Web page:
Panthertown Valley might not have any panthers anymore, but it feels about as wild as a big cat on the prowl. The valley is a 6,295-acre swath of Nantahala National Forest in the far southwest corner of North Carolina about 70 miles southwest of Asheville. The hiking’s fine all year, but it’s especially fine in the springtime, when seasonal rains create gushing waterfalls that tempt comparisons to Yosemite.
The abundant falls and exposed granite walls have at least a whiff of Yosemite’s grandeur, though a tangled forest canopy obscures most of the vistas. A spiderweb of named trails and unnamed footpaths makes navigation is a crap-shoot if you don’t have a map; even with a GPS unit, it’s easy to get lost. Fortunately, a local wilderness guide sells a top-grade map (“A Guide’s Guide to Panthertown“; I ordered mine online from a bookstore in Cashiers, a few miles down the road from Panthertown ). It was worth every penny.
Panthertown is a 200-mile drive from Winston-Salem, putting it at the far edge of doable in a day hike for folks in the Triad. Best to take a few friends to divvy up the cost of gas. This time out I had a co-hiker, who posts under the handle CBHiker6 at EveryTrail.com. Chris has lived most of his life in Winston Salem and gave up golf for hiking a couple years back — how can you not admire a guy who made that swap? We’ve been following each other’s travels on EveryTrail for months and finally got around to lining up a hike.
We started out from the Salt Rock Gap trailhead, which is about eight miles northeast of the hamlet of Cashiers (from the intersection of NC 107 and U.S. 64 in Cashiers, it’s pretty easy to find Salt Rock: go two miles west on U.S. 64 and turn left on Cedar Creek Road; take it 2.3 miles to Breedlove Road; turn right and follow it to the end; note it becomes gravel the last quarter-mile and it’s pretty rough, though passable if your car’s ground clearance isn’t too low.)
From Salt Rock Gap, you’ve got two choices: go high via Blackrock Spur, or low via Panthertown Valley Trail. We took the low road, though I suspect the Spur might’ve yielded more mountains-to-the-horizon vistas. Let’s see some more pictures:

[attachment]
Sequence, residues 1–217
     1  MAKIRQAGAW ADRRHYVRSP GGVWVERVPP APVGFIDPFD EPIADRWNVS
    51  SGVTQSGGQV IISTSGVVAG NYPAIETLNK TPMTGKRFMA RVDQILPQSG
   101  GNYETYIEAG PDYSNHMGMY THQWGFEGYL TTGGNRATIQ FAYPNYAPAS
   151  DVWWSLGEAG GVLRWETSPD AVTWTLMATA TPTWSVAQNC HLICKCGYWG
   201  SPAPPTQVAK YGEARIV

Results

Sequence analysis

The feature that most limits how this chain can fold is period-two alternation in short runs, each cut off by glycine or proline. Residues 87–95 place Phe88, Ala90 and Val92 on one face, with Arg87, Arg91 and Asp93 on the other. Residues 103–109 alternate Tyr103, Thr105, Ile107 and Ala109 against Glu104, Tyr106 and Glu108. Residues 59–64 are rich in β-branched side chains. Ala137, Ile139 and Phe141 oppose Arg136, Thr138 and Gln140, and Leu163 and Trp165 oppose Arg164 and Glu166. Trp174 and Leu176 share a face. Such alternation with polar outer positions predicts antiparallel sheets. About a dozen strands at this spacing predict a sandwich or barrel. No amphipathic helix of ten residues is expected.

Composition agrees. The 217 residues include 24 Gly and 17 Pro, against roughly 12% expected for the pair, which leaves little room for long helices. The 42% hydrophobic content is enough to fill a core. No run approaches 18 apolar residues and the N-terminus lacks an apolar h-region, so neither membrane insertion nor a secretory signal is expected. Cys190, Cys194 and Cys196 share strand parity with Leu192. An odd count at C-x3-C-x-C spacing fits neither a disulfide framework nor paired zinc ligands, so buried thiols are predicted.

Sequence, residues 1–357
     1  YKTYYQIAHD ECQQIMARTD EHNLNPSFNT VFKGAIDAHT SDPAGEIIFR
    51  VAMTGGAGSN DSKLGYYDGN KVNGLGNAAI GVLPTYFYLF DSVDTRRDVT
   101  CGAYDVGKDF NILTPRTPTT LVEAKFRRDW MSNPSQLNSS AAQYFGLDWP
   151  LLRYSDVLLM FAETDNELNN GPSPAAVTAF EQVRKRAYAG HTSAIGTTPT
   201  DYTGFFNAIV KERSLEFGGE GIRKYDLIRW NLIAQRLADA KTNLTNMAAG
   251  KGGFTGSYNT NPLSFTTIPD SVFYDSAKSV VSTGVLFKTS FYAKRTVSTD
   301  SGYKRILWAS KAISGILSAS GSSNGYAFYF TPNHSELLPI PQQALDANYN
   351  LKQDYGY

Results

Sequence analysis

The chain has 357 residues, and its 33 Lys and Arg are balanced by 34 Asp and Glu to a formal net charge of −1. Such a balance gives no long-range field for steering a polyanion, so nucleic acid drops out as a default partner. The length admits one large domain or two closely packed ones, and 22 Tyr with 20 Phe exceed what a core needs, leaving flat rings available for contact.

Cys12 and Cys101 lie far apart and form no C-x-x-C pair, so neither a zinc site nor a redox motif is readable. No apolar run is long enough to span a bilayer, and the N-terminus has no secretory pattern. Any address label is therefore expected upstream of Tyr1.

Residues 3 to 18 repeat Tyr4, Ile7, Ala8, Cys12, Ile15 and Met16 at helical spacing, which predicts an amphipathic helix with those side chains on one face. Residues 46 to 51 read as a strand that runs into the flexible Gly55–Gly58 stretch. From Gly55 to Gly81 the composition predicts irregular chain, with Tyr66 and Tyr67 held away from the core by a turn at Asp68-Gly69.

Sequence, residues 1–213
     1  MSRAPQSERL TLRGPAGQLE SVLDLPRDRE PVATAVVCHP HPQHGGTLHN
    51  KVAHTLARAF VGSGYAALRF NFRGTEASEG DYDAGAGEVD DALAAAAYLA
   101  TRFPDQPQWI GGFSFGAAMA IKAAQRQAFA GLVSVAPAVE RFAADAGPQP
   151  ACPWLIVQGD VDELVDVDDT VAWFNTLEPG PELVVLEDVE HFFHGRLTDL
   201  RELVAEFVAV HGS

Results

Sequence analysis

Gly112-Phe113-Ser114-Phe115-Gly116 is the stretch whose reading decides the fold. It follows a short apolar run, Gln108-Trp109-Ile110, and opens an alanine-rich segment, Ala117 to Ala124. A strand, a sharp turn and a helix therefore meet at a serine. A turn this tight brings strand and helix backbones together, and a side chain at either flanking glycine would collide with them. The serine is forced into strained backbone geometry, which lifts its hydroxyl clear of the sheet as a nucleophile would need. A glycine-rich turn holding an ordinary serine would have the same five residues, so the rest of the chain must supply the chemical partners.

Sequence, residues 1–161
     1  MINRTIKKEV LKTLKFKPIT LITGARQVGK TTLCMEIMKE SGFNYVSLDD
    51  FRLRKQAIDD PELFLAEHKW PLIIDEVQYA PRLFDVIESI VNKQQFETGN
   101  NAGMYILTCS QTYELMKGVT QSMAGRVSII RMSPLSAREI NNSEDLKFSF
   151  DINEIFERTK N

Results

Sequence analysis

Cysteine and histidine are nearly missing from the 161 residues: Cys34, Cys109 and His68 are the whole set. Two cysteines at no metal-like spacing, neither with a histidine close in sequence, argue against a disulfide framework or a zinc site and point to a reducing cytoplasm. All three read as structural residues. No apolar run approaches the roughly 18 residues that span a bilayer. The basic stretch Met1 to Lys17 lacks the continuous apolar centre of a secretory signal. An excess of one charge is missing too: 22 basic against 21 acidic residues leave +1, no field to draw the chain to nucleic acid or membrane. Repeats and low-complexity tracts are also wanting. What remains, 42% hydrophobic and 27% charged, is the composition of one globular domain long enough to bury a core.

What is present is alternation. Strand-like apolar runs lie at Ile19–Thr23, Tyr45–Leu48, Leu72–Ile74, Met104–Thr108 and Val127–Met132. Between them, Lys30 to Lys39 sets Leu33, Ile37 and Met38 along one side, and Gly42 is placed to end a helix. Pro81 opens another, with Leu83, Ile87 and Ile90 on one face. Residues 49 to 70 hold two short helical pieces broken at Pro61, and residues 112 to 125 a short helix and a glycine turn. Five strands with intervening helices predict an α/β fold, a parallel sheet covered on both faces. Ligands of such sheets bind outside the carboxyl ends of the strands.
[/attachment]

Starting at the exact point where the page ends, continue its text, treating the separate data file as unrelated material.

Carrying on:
A view of Panthertown Valley not far from the trailhead. Note if you go this way: you’ll see a trail sign pointing to Wilderness Falls — a stately waterfall with a steep, descending trail next door. Better to craft a loop so you can see these falls on the return trip. It’s a tough climb, for sure, but coming down a trail that steep is downright scary.
Chris has a keen eye for the critters; he spotted this snail along the way.
He also spotted this iris.
We ambled down Panthertown Valley Trail till we hit a junction with North Road Trail, which we stuck with till it intersected with Power Line Trail; from there it was left turn and a short stroll to an unmarked single-track on the right.
Without my map, we’d have never known this is the turn-off to a string of lovely waterfalls, starting with Warden’s Falls, below.
Mind you the trail’s very narrow and root-infested and it takes an alert eye to stay on the path. With a modicum of exploring you can find the top section of the falls (shown in my very first photo) and wander down the base of the falls.
The map shows a trail to more a few more waterfalls downstream, but we missed the turnoff and did more bushwacking than we’d care to talk about before we threw in the towel and headed back the way we came.
We found our way back to Panthertown Valley Trail, wandering through several excellent campsites along the way. I can see why people go to the trouble to track down this place.
We set our sights on loop that took in a few more waterfalls before returning to the Salt Rock Gap. From Panthertown Valley Trail, a left turn down Mac’s Gap Trail leads to the turnoff to Granny Burrell Falls; we followed a nice unmarked path shown on the map that cut the distance short. The trail to Granny Burrell Falls is narrow single-track with dense vegetation. Interesting hiking, though the falls (below) were not super impressive.
The last two falls were Frolictown Falls and Wilderness Falls. You’d never find these without the map, either.
Chris hasn’t gone tree-hugger on us just yet (though I expect he’s getting greener with every hike). He’s just going to some lengths to get a picture of Frolictown Falls without that tree in the middle.
If you find Frolictown Falls, you’ve almost found Wilderness Falls: the sign pointing to the trail up to Wilderness Falls is nearby. The climb to the base of Wilderness Falls is a bit steep; once you see how tall the falls are, you realize a lot more climbing’s in store.
A steep slog not far from the trail opens onto a clearing that is a natural resting spot. There’s also three paths, none of marked. Going left takes you into a “no trespassing” sign that politely alludes to the use of firearms nearby. Going right takes you to a pretty valley overlook, below.
Going center takes you back to Panthertown Valley Trail, where it’s a left turn and a short walk back to the car.
This hike is a mere hint to all that’s happening in Panthertown. I can’t wait to get back there and explore some more.
- EveryTrail GPS tracks.
- Chris’s EveryTrail trip from this hike
- Friends of Panthertown
- Trail system map (PDF download).
- Raleigh News & Observer travel piece
- LocalHikes Panthertown Valley Loop
- Nantahala National Forest page.
View 4-30-11 Panthertown Valley in a larger map